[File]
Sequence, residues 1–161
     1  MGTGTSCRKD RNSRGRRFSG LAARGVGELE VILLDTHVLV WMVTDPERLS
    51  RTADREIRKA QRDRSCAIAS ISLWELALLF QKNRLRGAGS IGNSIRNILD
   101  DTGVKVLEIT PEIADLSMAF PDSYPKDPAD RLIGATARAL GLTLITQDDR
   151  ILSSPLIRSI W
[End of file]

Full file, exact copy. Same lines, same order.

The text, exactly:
Sequence, residues 1–161
     1  MGTGTSCRKD RNSRGRRFSG LAARGVGELE VILLDTHVLV WMVTDPERLS
    51  RTADREIRKA QRDRSCAIAS ISLWELALLF QKNRLRGAGS IGNSIRNILD
   101  DTGVKVLEIT PEIADLSMAF PDSYPKDPAD RLIGATARAL GLTLITQDDR
   151  ILSSPLIRSI W